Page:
July 21-23, Vancouver

A road trip getaway led to a few purchases this week, and a whole bunch of greatly needed relaxation. Much of that will be burnt away by this evening, I'm guessing, but it was the right idea anyway.

Macleod's Books - July 21 (where you get 20% off if you buy 5 or more)
  • Don Gayton, Kokanee: The Redfish and the Kootenay Bioregion ($10 - Transmontanus)
  • Celia Haig-Brown, Resistance and Renewal: Surviving the Indian Residential School ($9)
  • Roderick Haig-Brown, Timber ($10 - the 1946 Collins White Circle paperback edition, promising "rousing, roaring, untamed adventure" and with a hottie's face dominating the cover in front of three sketched male figures using pikes on floating timber logs)
  • Jon Krakauer, Into the Wild ($8 - wonder if I have this one already...)
  • Scott Russell Sanders, A Conservationist Manifesto ($10 - new in 2009, never been cracked)
  • Scott Slovic, Seeking Awareness in American Nature Writing: Henry Thoreau, Annie Dillard, Edward Abbey, Wendell Berry, Barry Lopez ($10)
  • Wallace Stegner, Wolf Willow: A History, a Story, and a Memory of the Last Plains Frontier ($7 - wonder if I have this one already...)
  • JRR Tolkien, The Lord of the Rings trilogy ($15 - hard to believe I didn't own copies of these)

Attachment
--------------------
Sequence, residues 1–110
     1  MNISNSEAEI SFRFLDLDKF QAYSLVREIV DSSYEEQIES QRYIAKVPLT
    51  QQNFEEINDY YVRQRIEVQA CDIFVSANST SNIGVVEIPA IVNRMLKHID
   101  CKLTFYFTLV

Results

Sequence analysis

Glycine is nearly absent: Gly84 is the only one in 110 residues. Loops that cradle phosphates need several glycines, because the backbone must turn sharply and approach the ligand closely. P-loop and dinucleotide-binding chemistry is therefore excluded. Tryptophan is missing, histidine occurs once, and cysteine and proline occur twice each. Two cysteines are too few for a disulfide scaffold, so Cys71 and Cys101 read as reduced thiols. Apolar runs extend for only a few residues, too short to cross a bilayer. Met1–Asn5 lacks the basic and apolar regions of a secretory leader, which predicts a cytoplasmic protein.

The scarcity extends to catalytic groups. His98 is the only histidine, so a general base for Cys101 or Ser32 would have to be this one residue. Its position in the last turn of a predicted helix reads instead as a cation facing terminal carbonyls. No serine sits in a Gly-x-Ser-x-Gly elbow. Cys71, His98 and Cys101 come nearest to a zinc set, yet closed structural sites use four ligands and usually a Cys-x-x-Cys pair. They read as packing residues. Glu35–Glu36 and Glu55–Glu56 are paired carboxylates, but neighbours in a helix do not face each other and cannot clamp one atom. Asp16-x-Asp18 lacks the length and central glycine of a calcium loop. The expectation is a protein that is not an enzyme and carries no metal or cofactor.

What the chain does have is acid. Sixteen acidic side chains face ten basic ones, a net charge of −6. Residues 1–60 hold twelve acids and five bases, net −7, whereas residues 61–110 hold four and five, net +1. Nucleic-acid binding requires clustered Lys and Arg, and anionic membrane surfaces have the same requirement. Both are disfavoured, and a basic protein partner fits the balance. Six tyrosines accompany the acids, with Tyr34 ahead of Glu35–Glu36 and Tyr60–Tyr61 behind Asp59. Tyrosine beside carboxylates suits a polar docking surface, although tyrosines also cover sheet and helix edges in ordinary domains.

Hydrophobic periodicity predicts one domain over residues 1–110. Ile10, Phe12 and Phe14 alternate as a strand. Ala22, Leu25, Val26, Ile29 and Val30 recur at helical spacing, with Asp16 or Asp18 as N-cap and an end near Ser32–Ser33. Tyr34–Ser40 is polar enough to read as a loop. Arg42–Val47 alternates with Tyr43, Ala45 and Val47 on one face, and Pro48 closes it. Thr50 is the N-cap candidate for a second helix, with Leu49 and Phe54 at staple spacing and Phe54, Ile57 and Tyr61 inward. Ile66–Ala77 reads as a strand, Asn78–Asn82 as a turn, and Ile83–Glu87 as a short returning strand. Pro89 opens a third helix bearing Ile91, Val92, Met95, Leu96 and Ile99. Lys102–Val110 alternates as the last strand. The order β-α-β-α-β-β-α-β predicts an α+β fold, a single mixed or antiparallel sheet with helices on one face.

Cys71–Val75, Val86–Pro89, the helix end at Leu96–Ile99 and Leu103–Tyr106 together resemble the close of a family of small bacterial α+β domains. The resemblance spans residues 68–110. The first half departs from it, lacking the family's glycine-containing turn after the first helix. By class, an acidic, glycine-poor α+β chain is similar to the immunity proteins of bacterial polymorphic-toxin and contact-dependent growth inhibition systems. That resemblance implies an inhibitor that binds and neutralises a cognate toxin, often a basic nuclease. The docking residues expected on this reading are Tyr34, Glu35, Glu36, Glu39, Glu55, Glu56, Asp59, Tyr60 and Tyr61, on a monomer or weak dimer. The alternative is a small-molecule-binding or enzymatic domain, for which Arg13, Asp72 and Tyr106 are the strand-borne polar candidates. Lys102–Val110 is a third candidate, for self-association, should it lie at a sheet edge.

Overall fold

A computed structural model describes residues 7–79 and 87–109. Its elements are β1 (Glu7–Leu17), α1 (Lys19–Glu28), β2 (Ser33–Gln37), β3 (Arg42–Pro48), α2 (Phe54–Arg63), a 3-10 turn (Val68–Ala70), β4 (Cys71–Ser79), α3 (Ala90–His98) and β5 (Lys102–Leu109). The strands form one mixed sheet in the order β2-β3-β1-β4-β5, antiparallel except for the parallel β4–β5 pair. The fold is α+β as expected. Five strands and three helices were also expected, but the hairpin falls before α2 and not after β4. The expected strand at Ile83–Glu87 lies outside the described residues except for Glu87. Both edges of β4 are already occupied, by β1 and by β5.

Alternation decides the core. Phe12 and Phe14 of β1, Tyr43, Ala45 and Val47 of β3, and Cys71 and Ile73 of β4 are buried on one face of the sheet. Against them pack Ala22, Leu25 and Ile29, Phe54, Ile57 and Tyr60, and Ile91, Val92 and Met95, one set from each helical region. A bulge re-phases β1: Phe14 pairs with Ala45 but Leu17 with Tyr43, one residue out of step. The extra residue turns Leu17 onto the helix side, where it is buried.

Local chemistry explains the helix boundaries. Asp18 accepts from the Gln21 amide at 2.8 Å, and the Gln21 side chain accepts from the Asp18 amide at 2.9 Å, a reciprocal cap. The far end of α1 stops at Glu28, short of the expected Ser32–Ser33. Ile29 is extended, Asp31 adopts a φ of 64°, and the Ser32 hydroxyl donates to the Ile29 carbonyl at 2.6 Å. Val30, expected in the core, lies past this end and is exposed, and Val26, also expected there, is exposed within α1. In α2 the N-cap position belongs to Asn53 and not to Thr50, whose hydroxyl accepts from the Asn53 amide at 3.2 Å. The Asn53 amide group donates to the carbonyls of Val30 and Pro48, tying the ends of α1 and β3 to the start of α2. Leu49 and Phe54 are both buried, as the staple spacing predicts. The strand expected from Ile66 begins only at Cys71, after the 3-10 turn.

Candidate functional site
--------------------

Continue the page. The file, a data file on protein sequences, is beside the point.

Albion Books - July 21
  • Don Gayton, Landscapes of the Interior: Re-Explorations of Nature and the Human Spirit ($9)
  • Roderick Haig-Brown, Measure of the Year ($25 - hardcover with dust jacket)

Paper-Ya - July 22
  • ed. Ellen Lupton, Indie Publishing: How to Design and Produce Your Own Book ($28.50 - from the Center for Design Thinking at the Maryland Institute College of Art)

Hager Books - July 22
  • Taras Grescoe, Bottomfeeder: How to Eat Ethically in a World of Vanishing Seafood ($19.95)


Anonymous said…
Oh, good books to look forward to. I went through a Stegner winter, re-reading all my favourites: Wolf Willow, Angle of Repose (wonderful), the novels about the literary agent near Stanford...I think you'll enjoy Don Gayton, if you haven't read him the past. He brings a scientific eye to landscapes I love, and yet his heart is involved. The grasses are observed with love and heart.
Theresa K.
richard said…
Yes, lots of good stuff! I really enjoyed Don's recent book from Thistledown (nominated beside yours for the Hubert Evans prize this spring), though in the mid-90s I was less enthused about The Wheatgrass Mechanism -- but I'd like to think I'm wiser now.

He'll be speaking at UVic in the fall as a short-term visitor at the Writing program, too, so I want to read up on his books.

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